4. Discussion

GensearchNGS addresses problems that smaller laboratories are facing in various ways. The issue of the technical complexity of the analysis is approached through an intuitive user interface. The user interface abstracts the complexity of the underlying NGS data analysis toolchain, which is a major usability improvement over the usage of individual tools. Nevertheless, it gives the user full control over the individual analysis steps, instead of focusing on the creation of automated analysis pipelines. It also provides an original approach by providing a patient centric user interface. This user friendly interface allows users unfamiliar with the underlying software tools to fine tune the analysis parameters, without overwhelming them with features or rarely used options. This increases the number of people able to perform NGS data analysis. This is particularly interesting for geneticists that might not have special bioinformatics training. The issue of increasing infrastructure requirements for NGS data analysis is being addressed twofold. First, more efficient algorithms are being developed, like the heavily optimized variant calling algorithm included in GensearchNGS. Secondly, the ability to distribute heavy calculations over several computers or even a cloud service has been developed. GensearchNGS has a unique approach to this problem by enabling the user to combine the various distribution methods to perform sequence alignment. It provides the flexibility needed to choose the best compromise between data privacy and alignment speed depending on the laboratory policies and needs. The resulting software enabled various laboratories to perform NGS data analysis and publish their results in various fields. The topics range from muscular dystrophies [40, 41] to hearing loss [42] and malignant hyperthermia [43] but also yet unpublished work about CNV analysis and the detection of somatic mutations in cancer screening.

5. Conclusion

In this paper we reviewed the workflow used to analyze NGS data in a diagnostics environment. The reviewed workflow includes the detection of SNPs and short indels from panel, WES or WGS DNAseq data. We also presented issues faced by smaller laboratories trying to setup a NGS data analysis pipeline. We then presented GensearchNGS, a software suite integrating various algorithms to perform the discussed workflow. GensearchNGS is a commercially available software, distributed by Phenosystems SA. A demo version of GensearchNGS is freely available at http://www.phenosystems.com/. The two main issues, the technical complexity of the analysis and the computing infrastructure requirements, have been addressed as follows.

To reduce the technical complexity of the analysis, the user is provided with an intuitive user interface which guides him through the process of the data analysis. He is provided with the required tools to go from raw sequencing data the the final visualization and report generation for the sequenced samples, without having to learn complex bioinformatics tools. The interface abstracts the technical complexity from the user while keeping enough flexibility to adapt to different analysis protocols. By lowering the technical complexity of NGS data analysis compared to existing individual analysis tools, GensearchNGS expands the potential user base of the software.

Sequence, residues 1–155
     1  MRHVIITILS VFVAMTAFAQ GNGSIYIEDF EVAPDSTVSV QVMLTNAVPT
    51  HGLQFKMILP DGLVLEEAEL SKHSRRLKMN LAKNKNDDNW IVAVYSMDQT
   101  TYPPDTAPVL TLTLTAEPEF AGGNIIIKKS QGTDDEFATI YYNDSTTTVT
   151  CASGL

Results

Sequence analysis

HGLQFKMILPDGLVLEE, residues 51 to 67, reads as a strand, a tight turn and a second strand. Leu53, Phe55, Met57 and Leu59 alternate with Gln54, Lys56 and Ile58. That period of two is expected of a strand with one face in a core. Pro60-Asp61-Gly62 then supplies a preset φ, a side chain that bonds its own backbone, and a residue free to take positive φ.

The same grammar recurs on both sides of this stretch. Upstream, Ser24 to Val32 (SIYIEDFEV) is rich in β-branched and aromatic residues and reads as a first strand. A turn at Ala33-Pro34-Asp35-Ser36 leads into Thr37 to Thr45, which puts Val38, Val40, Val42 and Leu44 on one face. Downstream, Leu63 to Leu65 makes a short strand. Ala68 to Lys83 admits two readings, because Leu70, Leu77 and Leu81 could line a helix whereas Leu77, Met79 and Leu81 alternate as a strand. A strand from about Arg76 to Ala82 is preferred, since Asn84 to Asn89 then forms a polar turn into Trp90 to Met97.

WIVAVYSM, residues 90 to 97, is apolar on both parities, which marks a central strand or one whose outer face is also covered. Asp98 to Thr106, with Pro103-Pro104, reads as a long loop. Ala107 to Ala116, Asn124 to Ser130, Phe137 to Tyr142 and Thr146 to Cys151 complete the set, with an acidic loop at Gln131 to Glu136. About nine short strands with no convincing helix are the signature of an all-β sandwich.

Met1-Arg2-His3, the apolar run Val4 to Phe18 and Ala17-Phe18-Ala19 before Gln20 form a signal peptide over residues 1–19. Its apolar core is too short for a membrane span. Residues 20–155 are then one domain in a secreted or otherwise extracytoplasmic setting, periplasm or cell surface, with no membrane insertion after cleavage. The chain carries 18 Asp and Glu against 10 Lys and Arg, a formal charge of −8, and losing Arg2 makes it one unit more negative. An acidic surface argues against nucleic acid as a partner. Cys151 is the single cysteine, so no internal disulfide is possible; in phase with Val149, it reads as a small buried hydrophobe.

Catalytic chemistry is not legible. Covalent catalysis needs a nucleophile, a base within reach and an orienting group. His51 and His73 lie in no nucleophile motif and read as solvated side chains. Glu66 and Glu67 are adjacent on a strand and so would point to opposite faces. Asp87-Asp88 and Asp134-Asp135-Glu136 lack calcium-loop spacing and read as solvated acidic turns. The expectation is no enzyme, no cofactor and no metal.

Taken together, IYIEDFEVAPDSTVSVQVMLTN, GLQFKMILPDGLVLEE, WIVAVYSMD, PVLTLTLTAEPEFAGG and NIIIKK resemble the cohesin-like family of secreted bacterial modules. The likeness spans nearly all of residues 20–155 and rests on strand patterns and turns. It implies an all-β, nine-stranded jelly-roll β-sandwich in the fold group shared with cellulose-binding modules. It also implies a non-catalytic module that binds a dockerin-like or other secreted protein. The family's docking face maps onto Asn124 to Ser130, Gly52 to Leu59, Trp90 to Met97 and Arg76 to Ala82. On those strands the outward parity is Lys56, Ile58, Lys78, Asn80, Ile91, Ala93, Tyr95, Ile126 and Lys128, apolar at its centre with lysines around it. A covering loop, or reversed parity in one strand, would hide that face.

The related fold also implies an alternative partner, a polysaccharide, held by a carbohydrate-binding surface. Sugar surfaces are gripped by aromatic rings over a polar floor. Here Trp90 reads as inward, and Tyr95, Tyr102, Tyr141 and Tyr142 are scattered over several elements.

To address the issue of the computing infrastructure requirements, GensearchNGS focuses on the optimal usage of existing computing resources. This is primarily achieved through the development of analysis algorithms that run on a minimal amount of resources while producing the same analysis results as standard tools. An example has been described with the variant calling algorithm which produces the same results as Varscan 2 but is 18 times faster. The second approach is the integration of distributed computing, allowing the distribution of computing intensive tasks like alignment to be speed up by the usage of multiple computers.

With a solid framework built for DNAseq analysis, GensearchNGS will expand into further types of analysis in the future. One example is the integration of RNAseq analysis, as the combination of OMICS data for a single sample is of increasing importance to understand rare diseases [44]. In fact, many parts of GensearchNGS, such as the genome browser, have already been adapted to support RNAseq data. The integration of multiple data sources will not only allow the user to integrate different types of OMICS data but also allow multiple views on the same sample. One example of this is the integration of Sanger sequencing to NGS data, a very useful feature for diagnostics where it is common practice to validate variants identified through NGS with Sanger sequencing.

Further optimizations of the algorithms used in the analysis will also be evaluated, including optimization for the underlying libraries. One example is HTSJDK, where several performance patches have been submitted and included, improving NGS data analysis performance not only for users of GensearchNGS, but also for the complete bioinformatics community.

Disclosure

Pierre Kuonen has a nonpaid advisory position at Phenosystems SA. David Atlan is working full time for Phenosystems SA.

Conflict of Interests

Thomas Dandekar has no conflict of interests regarding the publication of this paper.

Acknowledgments

GensearchNGS is a commercially available software distributed by Phenosystems SA. Beat Wolf’s Ph.D. thesis is partially financially supported by Phenosystems SA.